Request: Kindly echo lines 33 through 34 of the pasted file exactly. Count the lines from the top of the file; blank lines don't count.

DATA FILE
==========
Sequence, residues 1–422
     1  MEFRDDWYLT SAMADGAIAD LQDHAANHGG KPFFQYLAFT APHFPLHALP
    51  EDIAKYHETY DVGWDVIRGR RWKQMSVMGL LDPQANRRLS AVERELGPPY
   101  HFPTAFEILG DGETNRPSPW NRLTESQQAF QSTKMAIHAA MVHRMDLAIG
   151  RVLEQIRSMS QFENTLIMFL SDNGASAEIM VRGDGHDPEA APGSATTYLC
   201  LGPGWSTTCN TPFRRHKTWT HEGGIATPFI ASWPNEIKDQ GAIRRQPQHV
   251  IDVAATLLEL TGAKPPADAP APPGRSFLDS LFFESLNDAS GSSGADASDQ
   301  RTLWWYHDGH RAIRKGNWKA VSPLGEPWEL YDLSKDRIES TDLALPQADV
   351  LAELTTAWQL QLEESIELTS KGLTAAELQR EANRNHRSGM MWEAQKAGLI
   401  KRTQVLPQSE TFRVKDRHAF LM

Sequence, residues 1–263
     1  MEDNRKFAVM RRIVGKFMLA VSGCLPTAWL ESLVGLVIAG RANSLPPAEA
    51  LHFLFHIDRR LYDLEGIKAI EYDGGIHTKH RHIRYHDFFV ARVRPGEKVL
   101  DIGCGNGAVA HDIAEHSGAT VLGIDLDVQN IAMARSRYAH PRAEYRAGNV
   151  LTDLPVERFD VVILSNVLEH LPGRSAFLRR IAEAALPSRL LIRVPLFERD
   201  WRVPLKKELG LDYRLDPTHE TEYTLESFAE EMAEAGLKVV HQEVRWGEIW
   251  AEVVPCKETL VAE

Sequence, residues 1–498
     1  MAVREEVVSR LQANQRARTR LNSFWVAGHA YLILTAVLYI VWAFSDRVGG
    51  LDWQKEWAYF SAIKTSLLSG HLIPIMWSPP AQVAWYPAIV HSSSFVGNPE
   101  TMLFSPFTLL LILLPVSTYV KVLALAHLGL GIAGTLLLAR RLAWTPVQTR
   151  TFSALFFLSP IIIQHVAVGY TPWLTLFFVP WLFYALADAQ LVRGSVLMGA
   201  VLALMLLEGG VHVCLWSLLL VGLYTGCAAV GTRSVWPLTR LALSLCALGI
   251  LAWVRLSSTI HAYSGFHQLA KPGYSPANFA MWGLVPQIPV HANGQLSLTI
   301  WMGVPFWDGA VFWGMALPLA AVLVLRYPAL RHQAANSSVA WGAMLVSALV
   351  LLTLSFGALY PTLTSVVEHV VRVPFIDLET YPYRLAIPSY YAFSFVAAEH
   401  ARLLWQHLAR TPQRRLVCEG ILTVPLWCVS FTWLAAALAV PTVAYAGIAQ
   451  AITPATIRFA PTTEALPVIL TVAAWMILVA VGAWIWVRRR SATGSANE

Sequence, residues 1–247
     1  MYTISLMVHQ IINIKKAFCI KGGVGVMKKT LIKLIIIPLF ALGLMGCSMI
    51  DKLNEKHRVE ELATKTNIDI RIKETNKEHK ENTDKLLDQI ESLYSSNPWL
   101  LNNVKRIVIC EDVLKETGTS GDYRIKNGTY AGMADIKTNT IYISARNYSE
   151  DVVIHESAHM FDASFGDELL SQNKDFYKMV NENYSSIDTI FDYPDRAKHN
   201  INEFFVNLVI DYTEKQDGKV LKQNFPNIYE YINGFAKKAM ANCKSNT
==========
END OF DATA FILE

   151  DVVIHESAHM FDASFGDELL SQNKDFYKMV NENYSSIDTI FDYPDRAKHN
   201  INEFFVNLVI DYTEKQDGKV LKQNFPNIYE YINGFAKKAM ANCKSNT